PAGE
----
I sort of ended up deciding that that’s dumb, and if I don’t address all the things I’m feeling now, I’m just going to feel them more later. And I’m publishing this on the interweb (1) because I have no shame and (2) to let you know if you’re feeling the same thing about moving or leaving home you’re very much not alone. And you’re super normal.

I feel this completely imaginary pressure to be really tough, all the time. To be only excited for this, and optimistic, and have these massive goals and sunny attitude towards my service.

And I am excited—but I am also worried, and know I will miss my family. I know I will see my friends kayaking pictures and be impossibly jealous. I know I will cry when I say goodbye to my mom and sister, and my nose will get all stuffy and my eyes all gross and red. I don’t think any amount of emotional prep will make that moment less graceless.

I’ve lived away from home plenty of times, but 27 months isn’t the same as a semester, and a different state isn’t the same thing as a different continent.

So I guess here’s what I need to put to paper:

  • I am going to miss things. That’s okay.
  • I am going to airport cry. Then I am going to be embarrassed that I am airport crying and cry harder.
  • Soon, I will be able to make a really funny map of places I have public cried, including a train in Wales, the floor of Bessey Hall, and in-flight while watching The Good Dinosaur. Whoo! (Maybe this makes me sound like a disaster, but crying is healthy. And be honest, we’ve all sat on the floor and cried on the floor outside our Academic Advisors office.)
  • Despite all of this, I am still excited, and grateful, and going to have a really great time most of the time.

Thanks for reading; gold star if you made it this far! I am flying out Sunday the 17th(St. Patrick’s Day). In the meantime, I’ll be packing for real, hanging out with my super cool family, and eating so much that the jeans I bought a size too big will fit.

Some of my favorite Michigan (home) pictures:

Peace Corps Armenia: Pre-departure Updates and Overview

Writing in with a minor life update (a minor one, really): in two weeks I am leaving the country to embark on 27 months of Peace Corps service in Armenia as a TEFL volunteer. Cool!

Why am I doing this?

While I was in school, I worked as a writing consultant and science ethics learning assistant. I absolutely loved both jobs. These were the sort of jobs that I would look forward to working, and would hang around long after class was over to help out.

Working as a writing consultant tutoring ELL (English language learning) was one of the best jobs I have ever had. I met so many interesting and brave people who had left their home country to come and learn in mine.

Last March, I started looking into possible other opportunities to continue ELL/EFL work, preferably while also putting myself in another culture with a foreign language like the students I admired had.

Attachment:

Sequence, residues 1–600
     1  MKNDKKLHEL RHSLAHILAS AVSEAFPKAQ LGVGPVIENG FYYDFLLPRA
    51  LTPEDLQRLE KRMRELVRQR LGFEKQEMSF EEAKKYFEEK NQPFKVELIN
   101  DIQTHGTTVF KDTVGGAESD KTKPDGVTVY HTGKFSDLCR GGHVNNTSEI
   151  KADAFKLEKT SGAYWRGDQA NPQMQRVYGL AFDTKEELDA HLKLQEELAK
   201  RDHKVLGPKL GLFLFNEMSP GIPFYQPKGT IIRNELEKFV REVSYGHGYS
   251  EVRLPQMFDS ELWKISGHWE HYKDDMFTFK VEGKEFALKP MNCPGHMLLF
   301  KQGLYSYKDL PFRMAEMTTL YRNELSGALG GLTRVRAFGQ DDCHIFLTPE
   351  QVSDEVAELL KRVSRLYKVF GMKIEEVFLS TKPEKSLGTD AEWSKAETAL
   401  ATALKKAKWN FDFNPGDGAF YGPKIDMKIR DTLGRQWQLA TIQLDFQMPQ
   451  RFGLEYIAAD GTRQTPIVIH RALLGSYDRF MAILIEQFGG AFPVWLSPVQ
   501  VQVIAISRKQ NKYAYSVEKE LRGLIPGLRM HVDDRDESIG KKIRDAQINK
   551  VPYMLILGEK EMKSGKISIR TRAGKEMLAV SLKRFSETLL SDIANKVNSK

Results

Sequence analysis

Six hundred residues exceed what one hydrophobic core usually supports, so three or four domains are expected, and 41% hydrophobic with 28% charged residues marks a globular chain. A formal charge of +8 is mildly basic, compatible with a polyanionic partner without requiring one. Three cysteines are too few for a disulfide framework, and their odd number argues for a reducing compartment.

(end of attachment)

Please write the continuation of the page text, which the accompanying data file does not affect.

I decided that the US Peace Corps fit best with what I was looking for. They provide language training, offer a longer period of service than just a few months, and work to emphasize cultural exchange and respect for host countries. I submitted my application in March, with no country/region specified.

I graduated Michigan State University Spring 2018 with a degree in Neuroscience and additional major in Digital and Technical Writing, then headed up to Northern Wisconsin to sea kayak guide for the summer.

 

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I’m in the yellow boat 🙂

In late August, I interviewed for a TEFL Armenia position, and shortly thereafter was invited to join and accepted. I worked on medical clearance for ten thousand years, and am now in the process of learning Armenian and getting stoked!

What am I going to be doing? 

I will be in Armenia for the first three months participating in language and cultural competency training as well as skill building. After these three months, I will be assigned to a site where I will co-teach English with an Armenian counterpart for two years as well as work with my community on projects to meet community needs. I don’t know where in Armenia my site will be, but I pinky swear I’ll update you (*cough* dad) as soon as I know.

Background on the Peace Corps:

The US Peace Corps was founded after the Cold War, by President John F. Kennedy.

The Peace Corps itself states it’s mission as threefold:

  1.  “To help people of interested countries in meeting their need for trained men and women.”
  2. “To help promote a better understanding of Americans on the part of the peoples served.”
  3. “To help promote a better understanding of other peoples on the part of Americans.”

I could write a whole separate piece (totaling about 4000 words which I know because I actually did, then trashed because it’s annoying) on Peace Corps geopolitical context. But honestly, that would be super boring, I am nowhere near an expert on that sort of thing, and a lot of other people have already written about this, so instead I will direct you to some other sources: